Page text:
Tied to the Earth: Erik Werenskiold's Peasant Burial
Erik Werenskiold’s Peasant Burial captures solemnity, spiritualism, and universal truth in his portrayal of a countryside burial gathering. This oil on canvas piece, painted between 1883 and 1885, depicts a single woman and several men of varying ages collected at a fresh plot in a countryside graveyard. Werenskiold welcomes the viewer into a landscape that seems interrupted by the funeral shown in the forefront of the image. Through his use of triangular composition; earthy tones and contrasting, harsh black hues; even lighting; varying levels of texture, and balanced forces of line, Werenskiold captures the simultaneous contrast and inherent connection between humans and the earth evident in the event of burial and in the universal nature and solemnity of mourning.
Werenskiold creates the initial connection between earth and person through the echoing of the gently sloping triangular composition of the figures in the foreground by the mountainous landscape behind it. The composition balances around the centrally located man who wears black and white dress clothes and stands squarely towards the viewer with a downward glance. While corporeal forms inhabit the man’s proper left side more than the right, they seem balanced by the weight of the spiritual forms to the man’s proper right side of the image. On the viewer’s right side of the image, the pictoral depth created by the fence inherently forms a slight diagonal. Though Werenskiold concentrates forms on the viewer’s right, the close arrangement of the six men continues the soft diagonal of the fence towards the central man. The more sparsely occupied left side of the image mirrors this slant through the upward sloping diagonal of the woman’s shawl, which continues through the arm of a man who appears to be a clergyman holding a religious text to lead the burial. This gentle triangular composition creates visual balance between both sides of the image, connecting it to the balance of nature and nature’s own triangular forms. The balance found in this singular image of death seems to portray the closeness of humans to the earth from which they receive life and to which they return and in doing so depicts the universality of this balanced burial image.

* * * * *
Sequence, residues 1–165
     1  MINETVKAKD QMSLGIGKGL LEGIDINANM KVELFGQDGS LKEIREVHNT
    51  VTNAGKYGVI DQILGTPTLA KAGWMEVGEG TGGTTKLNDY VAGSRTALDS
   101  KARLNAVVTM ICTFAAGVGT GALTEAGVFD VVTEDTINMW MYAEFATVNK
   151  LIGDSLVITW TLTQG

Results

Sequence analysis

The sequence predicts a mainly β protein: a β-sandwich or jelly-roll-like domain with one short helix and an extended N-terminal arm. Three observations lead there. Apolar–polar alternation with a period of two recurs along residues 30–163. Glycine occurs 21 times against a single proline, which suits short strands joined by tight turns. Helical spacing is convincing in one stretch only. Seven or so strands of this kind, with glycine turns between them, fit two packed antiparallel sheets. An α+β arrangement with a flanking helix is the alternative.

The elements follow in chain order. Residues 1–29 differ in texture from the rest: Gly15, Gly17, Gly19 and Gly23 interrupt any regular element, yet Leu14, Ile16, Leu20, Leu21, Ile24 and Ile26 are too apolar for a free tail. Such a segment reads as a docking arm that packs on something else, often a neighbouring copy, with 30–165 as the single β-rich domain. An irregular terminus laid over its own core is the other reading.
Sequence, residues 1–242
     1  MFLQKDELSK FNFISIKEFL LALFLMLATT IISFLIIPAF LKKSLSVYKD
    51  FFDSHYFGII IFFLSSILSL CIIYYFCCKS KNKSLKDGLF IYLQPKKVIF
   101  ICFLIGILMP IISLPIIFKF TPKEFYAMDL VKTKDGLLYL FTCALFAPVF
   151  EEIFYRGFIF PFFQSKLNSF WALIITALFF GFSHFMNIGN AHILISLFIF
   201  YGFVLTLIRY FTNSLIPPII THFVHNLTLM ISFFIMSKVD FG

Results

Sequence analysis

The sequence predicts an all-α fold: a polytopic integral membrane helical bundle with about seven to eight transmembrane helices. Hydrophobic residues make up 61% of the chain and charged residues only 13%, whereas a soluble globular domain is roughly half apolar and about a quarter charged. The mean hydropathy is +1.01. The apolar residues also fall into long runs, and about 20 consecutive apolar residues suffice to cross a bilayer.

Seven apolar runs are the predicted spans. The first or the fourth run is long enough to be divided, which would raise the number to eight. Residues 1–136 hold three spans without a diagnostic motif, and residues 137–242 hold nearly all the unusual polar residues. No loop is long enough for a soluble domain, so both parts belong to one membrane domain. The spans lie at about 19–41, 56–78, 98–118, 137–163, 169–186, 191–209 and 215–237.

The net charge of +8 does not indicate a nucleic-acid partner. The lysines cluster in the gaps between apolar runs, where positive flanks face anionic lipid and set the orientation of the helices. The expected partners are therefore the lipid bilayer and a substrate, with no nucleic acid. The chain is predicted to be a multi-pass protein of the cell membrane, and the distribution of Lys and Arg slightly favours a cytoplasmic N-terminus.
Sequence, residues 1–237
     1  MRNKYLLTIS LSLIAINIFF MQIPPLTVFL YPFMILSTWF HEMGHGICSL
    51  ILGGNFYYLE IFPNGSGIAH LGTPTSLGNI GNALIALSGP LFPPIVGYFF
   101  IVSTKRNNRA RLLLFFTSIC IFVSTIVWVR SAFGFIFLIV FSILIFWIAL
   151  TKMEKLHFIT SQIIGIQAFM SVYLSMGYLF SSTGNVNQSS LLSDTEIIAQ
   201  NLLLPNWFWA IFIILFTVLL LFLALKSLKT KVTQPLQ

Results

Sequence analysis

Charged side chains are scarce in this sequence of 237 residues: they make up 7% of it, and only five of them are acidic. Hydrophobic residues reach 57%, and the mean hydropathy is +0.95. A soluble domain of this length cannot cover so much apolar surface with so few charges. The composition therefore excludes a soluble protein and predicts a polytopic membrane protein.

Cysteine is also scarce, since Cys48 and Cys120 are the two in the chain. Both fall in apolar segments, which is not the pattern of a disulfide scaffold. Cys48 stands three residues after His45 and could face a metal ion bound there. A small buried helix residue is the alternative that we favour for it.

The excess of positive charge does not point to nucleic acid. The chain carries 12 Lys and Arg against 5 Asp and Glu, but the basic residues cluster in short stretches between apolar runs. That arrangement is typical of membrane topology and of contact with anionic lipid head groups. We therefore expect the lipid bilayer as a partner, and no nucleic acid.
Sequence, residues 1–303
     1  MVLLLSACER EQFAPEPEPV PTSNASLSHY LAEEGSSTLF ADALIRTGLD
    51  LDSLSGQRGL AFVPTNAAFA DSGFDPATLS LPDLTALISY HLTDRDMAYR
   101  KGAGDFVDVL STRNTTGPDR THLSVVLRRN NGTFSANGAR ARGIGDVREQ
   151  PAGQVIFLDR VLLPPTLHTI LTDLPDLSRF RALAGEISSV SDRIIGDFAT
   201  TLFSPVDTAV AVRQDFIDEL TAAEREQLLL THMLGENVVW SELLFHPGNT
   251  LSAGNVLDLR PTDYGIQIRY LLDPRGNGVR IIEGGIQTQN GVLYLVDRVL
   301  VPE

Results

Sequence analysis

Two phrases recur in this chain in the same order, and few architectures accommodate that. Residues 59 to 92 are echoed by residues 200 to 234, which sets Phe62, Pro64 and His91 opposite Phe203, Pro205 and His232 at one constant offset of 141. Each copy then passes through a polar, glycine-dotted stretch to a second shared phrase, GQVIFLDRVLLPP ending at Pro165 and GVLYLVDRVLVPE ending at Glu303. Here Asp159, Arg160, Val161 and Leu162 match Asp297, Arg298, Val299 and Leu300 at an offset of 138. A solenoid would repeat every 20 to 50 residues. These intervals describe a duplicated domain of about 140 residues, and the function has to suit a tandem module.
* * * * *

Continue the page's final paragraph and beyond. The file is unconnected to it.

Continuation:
Through light and color, Werenskiold captures the wavering instances of connection and conflict between humanity and the earth in order to convey the balance of loss and life inherent to the burial. The light source seems to be coming from the viewer’s direction and hits the collection of figures equally. Shining onto them, presumably from the sun, the light grounds the people to the earth through the shadows that fall behind them. Rather than guide the eye through the image, this light contributes to the balance of the scene, adding to death’s sense of commonality.
Furthermore, the burial image conveys a general connection with nature surrounding it through its earthy hues. Amidst a luscious green landscape and distant blue mountains, Werenskiold creates a slight contrast in the forefront between the earthy hues worn by the figures on the viewer’s left compared to the harsh blacks included on the viewer’s right. The division of color seems to split in relation to the burial mound. The figures juxtaposed between the burial mound, notably shaped like a cross, and the cross positioned to the far left of the image, convey more of a spiritual feeling. Tied to the earth, their soft brown, green, and blue hues echo those of the landscape.